Here's "the combo": 460 bored 060 over = 472 CID, 780VS Holley, Performer intake, CC grind # 34-231-4(I think). It the smallest extreme 4x4 grind at 210/218 duration, .515" lift. I'm running PI exh. manifolds into 2" duals. I know, I know, that's killing me. I'm going to 2.5" duals with x crossover and Afterburner muffs as soon as I get the motor up and running again. All of this in a 1976 Elite(4800 lbs), 2.75 gears and C6.
My best 1/4 mile time was like 16.2 at 92 mph. She's a neck snapper huh?!

The cam specs list a 4* advance already ground into it. That plus the 4* crank advance would make 8*. That starts to getting into big changes when you jack with valve timing at 8* increments. The desk top dyno idea is a good one. Anybody want to help me out?

I'm putting the 460 back together this weekend. If I don't have any strong evidence that's pro-advance, I'll probably just intall it at the 0 mark on the crank gear.
Troy
I ran your combo through my Engine Analyser. That cam seems to perform best installed at 0 and just going with the factory 4 degrees of advance. Your engine is severly exhaust flow limited. What you really should have is a cam with much wider lobe seperation angles. I played around for a few minutes with lobe centerline angles on your combo. Leaving the intake lobe where it is and advancing the exhaust lobe 6 degrees, which is widening the lobe seperation angle to 114 degrees, lost you no HP on top end but picked up 18 ft/lbs on the bottom. Installing a cam with your specs but with 114 degrees of l/s and at the same 4 degrees advanced, picked up 13 ft/lbs on the bottom, 5 ft/lbs at the peak and 8 HP on top end. Going even further and using a 116 l/s angle and 4 degrees of cam advance netted a total of 10 HP on top and 19 ft/lbs on the bottom with the same 5 ft/lbs of increase a the peak torque RPM. Narrow lobe centerlines and restrictive exhausts don't mix well. Any less than ideal exhaust systems should always be mated with cams ground with wide lobe seperation angles.

<font size=-1>[ This Message was edited by: mach1morgan on 1/25/02 10:59am ]</font>
 

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Every cam should have a custom amount of degrees of cam timing depending on the complete rest of the setup and where you want its power band to be. The typical 4 degrees advance ground in is just the cam vendors shot in the dark with regard to where the cam should be timed. My buddies that dirt track race run all kinds of different cam timing depending on which cam they have in the motor and sometimes depending on whether they are running a shorter or longer straight away race track.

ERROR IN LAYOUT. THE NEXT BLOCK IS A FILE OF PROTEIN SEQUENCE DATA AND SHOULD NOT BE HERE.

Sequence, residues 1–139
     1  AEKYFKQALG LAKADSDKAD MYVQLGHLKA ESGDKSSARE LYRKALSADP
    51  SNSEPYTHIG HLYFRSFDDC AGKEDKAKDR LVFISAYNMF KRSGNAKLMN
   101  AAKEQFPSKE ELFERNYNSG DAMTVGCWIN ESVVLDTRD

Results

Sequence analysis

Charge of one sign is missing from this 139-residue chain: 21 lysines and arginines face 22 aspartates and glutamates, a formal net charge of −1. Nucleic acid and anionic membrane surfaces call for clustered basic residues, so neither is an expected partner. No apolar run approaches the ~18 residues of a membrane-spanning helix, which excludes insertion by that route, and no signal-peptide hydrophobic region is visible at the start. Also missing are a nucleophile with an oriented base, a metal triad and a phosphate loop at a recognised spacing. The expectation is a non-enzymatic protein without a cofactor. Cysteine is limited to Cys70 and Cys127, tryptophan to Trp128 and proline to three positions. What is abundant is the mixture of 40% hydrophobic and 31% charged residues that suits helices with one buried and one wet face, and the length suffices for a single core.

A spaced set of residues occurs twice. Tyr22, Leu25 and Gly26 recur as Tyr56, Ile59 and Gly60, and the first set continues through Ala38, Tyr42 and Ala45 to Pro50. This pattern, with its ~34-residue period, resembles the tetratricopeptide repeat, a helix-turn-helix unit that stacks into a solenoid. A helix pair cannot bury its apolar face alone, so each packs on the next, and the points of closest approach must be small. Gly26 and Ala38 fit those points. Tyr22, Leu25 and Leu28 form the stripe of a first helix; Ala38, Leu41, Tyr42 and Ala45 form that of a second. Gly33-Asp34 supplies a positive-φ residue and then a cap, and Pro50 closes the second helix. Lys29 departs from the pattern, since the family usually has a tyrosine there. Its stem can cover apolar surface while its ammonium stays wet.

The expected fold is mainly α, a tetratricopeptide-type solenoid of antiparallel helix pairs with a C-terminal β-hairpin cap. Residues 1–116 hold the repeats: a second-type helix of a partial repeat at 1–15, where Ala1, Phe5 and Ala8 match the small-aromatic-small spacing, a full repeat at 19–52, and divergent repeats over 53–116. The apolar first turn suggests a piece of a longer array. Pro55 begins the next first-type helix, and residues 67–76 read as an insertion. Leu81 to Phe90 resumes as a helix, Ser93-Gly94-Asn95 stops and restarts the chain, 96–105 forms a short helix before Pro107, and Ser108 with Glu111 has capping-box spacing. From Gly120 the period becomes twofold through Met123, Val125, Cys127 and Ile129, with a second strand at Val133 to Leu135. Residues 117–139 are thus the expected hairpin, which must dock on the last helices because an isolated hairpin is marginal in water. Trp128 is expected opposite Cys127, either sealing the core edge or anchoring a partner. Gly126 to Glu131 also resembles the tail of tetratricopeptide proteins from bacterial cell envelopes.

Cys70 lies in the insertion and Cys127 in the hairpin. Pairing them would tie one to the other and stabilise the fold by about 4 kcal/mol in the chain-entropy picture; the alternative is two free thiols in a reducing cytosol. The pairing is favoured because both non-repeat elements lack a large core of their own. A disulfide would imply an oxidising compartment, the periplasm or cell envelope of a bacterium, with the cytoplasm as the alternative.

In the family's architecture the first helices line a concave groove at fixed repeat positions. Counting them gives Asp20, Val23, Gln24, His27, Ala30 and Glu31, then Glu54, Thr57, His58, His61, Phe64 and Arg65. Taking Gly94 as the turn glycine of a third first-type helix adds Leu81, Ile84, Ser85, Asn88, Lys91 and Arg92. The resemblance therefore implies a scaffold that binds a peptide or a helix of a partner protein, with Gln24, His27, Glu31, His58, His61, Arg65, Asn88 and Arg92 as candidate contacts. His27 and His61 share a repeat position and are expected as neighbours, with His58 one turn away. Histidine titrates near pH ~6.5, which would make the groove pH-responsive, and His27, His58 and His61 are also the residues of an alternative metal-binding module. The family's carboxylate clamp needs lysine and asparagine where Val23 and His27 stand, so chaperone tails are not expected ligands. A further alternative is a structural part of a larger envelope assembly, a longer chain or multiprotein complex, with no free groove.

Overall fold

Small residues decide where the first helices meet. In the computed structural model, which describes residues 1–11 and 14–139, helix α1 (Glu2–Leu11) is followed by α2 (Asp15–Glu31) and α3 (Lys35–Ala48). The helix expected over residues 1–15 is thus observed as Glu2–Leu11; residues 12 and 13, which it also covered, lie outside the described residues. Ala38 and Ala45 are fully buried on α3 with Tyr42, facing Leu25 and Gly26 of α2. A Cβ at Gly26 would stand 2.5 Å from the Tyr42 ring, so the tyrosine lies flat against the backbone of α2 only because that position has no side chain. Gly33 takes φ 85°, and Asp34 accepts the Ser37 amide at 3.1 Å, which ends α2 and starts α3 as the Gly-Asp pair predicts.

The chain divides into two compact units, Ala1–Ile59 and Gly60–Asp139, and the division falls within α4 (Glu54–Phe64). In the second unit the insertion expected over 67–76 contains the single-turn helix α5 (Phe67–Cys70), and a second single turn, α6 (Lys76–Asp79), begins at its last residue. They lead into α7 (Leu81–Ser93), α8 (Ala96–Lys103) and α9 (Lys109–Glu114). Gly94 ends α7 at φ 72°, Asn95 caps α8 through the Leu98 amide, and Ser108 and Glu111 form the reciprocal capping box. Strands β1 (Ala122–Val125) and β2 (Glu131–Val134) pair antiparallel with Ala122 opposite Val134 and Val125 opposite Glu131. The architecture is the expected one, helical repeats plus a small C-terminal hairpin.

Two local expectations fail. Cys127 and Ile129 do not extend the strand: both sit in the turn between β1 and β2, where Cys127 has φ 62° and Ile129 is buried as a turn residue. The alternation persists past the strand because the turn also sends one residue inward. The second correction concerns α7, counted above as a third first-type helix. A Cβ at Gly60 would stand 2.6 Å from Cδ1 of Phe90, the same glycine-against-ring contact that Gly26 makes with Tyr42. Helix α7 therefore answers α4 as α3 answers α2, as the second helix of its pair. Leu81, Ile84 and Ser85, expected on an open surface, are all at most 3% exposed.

The really hot ticket is variable cam timing or VCT. It was experimented with in the 60's and abandoned for the time being but its back now in a few new factory motors. With VCT you can start out with more cam timing which gets you into the power band quicker. As the rpms come up you can back the cam timing down some to give the motor more top end. I want VCT for my drag car but I can't find anything for an old motor with a conventional timing chain. Another great application for VCT would be in multi-purpose vehicles like pickup's and SUV's that sometimes run out on the highway back and forth and other times pull trailers and boats around. I also suspect that VCT would help super and turbo charged motors or motors that are raced with NOS sometimes and sometimes without it. I sent an email to a few of the timing chain vendors about VCT for but got no responses.
 

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Discussion Starter #10
M1M, Thank you for checking! That type of info is why this site rocks! You rock!! Everyone else's input has been great as well. I've printed this out and will keep it in my little recipe book at home. Anyone want to take a stab at the what kind of increase 2.5" exhaust will give me hpr/tq wise?

Straight up it is. Thanks again!